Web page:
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Nostalgia or simply habituation? The analogue source

Basis-Work_of_Art.

There is nothing quite like it when you let your fingers touch a well made arm, first picking it up and then allowing it to turn on the grooves of an LP. The first sound you hear is the infamous needle touching the vinyl. Everyone knows the sound, everyone either shrieks at it or adores it. There is no middle here.

The question I want to ask here is whether or not we believe that this ritual, might be a habit which is quite indistinguishable compared to any addiction that man has at his disposal. Nobody ever says that speed is NOT an addiction, or for that matter not a norm amongst many in the population.

But in the DSM V, (Diagnostic and Statistical Manual, version 5) has new addictions which have been added to what a long time ago we would never have thought to be called an illness or an addiction. Remember when food was thought to be a matter of self control? Now it is a full fledged disease killing millions of people worldwide. Young and old.

Who would ever think that sex would be an addiction which would be dubbed hypersexuality in the most prestigious manual in the world for physicians? But it is. Or rather it will be in the Version V coming out next year or the next.

Now does that not make you think twice about what we call normal and what is not?

Norm is what people consider to be behavior which is acceptable and inherently allowed, or at least, tolerated within its constructs. Abnormal is something which is not good or bad, but rather what is not within the norm. Thus Audiophiles are Abnormal if we look at it scientifically and within the Diagnostic and Statistical Manuals.

I had written close to a decade ago an article named “Welcome to Insanity” where I go through a list which if you had an X amount of symptoms from the list, you were called an audiophile, thus insane. After all, it wasn’t the first time I have been called crazy!

But ten years later, vinyl and high end Dac’s are in almost everyone’s home and it seems being addicted to music and machines is not insane any more.

Could that be because people have found out that listening to music is about the best habit forming addiction you can have, or is it because we audiophiles have left our closets and have come out to show that we are a group much larger than previously imagined.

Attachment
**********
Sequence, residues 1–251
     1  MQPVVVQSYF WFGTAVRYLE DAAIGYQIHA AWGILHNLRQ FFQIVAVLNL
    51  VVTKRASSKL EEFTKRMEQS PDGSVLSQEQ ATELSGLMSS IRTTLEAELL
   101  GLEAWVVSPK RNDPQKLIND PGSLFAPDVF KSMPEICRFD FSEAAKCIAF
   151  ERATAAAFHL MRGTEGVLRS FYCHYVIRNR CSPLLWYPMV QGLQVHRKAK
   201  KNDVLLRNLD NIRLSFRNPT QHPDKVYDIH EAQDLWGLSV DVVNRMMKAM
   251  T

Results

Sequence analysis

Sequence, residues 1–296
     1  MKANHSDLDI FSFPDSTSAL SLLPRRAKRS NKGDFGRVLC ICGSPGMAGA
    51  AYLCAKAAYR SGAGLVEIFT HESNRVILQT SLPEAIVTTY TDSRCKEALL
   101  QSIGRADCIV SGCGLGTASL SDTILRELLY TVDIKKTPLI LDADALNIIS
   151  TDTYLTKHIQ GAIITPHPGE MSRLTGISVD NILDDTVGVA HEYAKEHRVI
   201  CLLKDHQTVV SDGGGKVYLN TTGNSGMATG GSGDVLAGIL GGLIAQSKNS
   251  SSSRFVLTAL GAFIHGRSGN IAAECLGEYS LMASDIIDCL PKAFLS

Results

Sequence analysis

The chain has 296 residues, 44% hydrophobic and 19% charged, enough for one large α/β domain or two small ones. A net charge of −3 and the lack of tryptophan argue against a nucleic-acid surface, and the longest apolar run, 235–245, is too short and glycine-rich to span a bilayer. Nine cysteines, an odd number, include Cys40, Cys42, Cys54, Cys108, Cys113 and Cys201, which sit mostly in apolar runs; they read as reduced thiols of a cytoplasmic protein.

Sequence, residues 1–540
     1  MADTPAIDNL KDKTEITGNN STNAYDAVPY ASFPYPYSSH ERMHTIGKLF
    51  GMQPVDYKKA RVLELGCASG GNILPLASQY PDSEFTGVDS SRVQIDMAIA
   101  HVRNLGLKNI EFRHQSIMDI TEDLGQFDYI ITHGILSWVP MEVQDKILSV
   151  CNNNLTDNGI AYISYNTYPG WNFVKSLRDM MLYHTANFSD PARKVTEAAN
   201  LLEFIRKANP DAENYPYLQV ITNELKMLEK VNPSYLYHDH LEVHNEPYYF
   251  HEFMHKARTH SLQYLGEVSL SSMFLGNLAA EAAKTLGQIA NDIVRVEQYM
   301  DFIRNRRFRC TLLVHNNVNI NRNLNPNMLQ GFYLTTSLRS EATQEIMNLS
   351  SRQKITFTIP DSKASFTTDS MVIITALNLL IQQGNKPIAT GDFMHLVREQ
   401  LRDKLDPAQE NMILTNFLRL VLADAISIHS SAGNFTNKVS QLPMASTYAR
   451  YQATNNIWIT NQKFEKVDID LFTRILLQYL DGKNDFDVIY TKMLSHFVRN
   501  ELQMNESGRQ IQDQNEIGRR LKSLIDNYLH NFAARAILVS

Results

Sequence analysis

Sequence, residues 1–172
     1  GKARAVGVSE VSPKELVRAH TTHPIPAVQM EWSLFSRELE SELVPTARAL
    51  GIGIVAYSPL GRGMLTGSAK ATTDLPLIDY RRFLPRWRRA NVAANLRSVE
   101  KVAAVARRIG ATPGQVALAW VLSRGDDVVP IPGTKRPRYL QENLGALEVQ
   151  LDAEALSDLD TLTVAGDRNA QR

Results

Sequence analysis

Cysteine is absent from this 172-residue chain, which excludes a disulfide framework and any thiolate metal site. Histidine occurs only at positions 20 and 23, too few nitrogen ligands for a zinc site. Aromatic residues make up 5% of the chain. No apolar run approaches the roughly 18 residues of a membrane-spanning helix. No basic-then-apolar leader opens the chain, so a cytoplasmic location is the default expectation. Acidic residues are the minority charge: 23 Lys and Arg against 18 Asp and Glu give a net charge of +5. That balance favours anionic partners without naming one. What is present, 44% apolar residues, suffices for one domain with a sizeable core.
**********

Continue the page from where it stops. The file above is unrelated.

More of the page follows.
I can’t stop to think about car enthusiasts, gay rights or even the fact that women are now part of the workforce as men are. Can you imagine a time when women couldn’t even vote?
So the question now comes back into a domain which has a new realm of reality. Are audiophiles or can audiophiles be classified now or in the future as ILL people, or can it ever be called an addiction to be an audiophile?

On the one hand we are viewed as individuals with idiosyncratic attractions and large pockets, but on the other is there a basis for neurosis within this behavior at large?
I figure we have to make a new test, more complicated than the one I had created a decade or so ago and find out when we give the results to statisticians and psychologists if this might be the case.

If you’re asking why I would care if I am diagnosed with Audiophilemania or not, the simple and most honest answer would be, so that I could finally excuse my insanity as a health problem!! This way I could go get therapy while listening to another system, or even yet go to a therapists home and talk things over. In either case is there a tangible problem within this addiction? Has mankind finally found a medical condition which is healthy? Are audiophiles the new savoir vivre of the 21st century? Could it be that audiophiles are creating the basis for healthy addictions other than exercise or health related physical activities? Can we actually listen to music rather than take a pill or binge on carbs when in time of need or when we feel our soul empty and in need of fulfillment?

Tell me what you think on this matter, and I will work on a new updated questionnaire which will be distributed to a sample of the population.

Who knows, it could be contagious and then drugs could be given one day to fight the uncontrollable urge to listen to good quality recordings and music in general. Wouldn’t that be a tickle indeed?

By Tony Pothitos

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